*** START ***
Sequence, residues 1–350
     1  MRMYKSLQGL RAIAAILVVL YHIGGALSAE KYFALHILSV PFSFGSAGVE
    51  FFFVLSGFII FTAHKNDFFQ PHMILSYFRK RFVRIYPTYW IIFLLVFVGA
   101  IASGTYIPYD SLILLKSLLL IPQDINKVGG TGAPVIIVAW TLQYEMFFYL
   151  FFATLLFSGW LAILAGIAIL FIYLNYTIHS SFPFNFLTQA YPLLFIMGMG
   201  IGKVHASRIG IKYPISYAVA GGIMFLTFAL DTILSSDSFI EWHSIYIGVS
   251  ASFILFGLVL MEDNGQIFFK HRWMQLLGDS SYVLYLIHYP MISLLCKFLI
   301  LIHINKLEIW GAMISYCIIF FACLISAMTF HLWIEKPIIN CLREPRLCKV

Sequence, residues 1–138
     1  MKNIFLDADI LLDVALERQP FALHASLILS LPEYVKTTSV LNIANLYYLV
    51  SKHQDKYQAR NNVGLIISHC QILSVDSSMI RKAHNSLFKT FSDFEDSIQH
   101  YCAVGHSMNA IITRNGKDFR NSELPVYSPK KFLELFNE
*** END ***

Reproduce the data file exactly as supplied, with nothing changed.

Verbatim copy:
Sequence, residues 1–350
     1  MRMYKSLQGL RAIAAILVVL YHIGGALSAE KYFALHILSV PFSFGSAGVE
    51  FFFVLSGFII FTAHKNDFFQ PHMILSYFRK RFVRIYPTYW IIFLLVFVGA
   101  IASGTYIPYD SLILLKSLLL IPQDINKVGG TGAPVIIVAW TLQYEMFFYL
   151  FFATLLFSGW LAILAGIAIL FIYLNYTIHS SFPFNFLTQA YPLLFIMGMG
   201  IGKVHASRIG IKYPISYAVA GGIMFLTFAL DTILSSDSFI EWHSIYIGVS
   251  ASFILFGLVL MEDNGQIFFK HRWMQLLGDS SYVLYLIHYP MISLLCKFLI
   301  LIHINKLEIW GAMISYCIIF FACLISAMTF HLWIEKPIIN CLREPRLCKV

Sequence, residues 1–138
     1  MKNIFLDADI LLDVALERQP FALHASLILS LPEYVKTTSV LNIANLYYLV
    51  SKHQDKYQAR NNVGLIISHC QILSVDSSMI RKAHNSLFKT FSDFEDSIQH
   101  YCAVGHSMNA IITRNGKDFR NSELPVYSPK KFLELFNE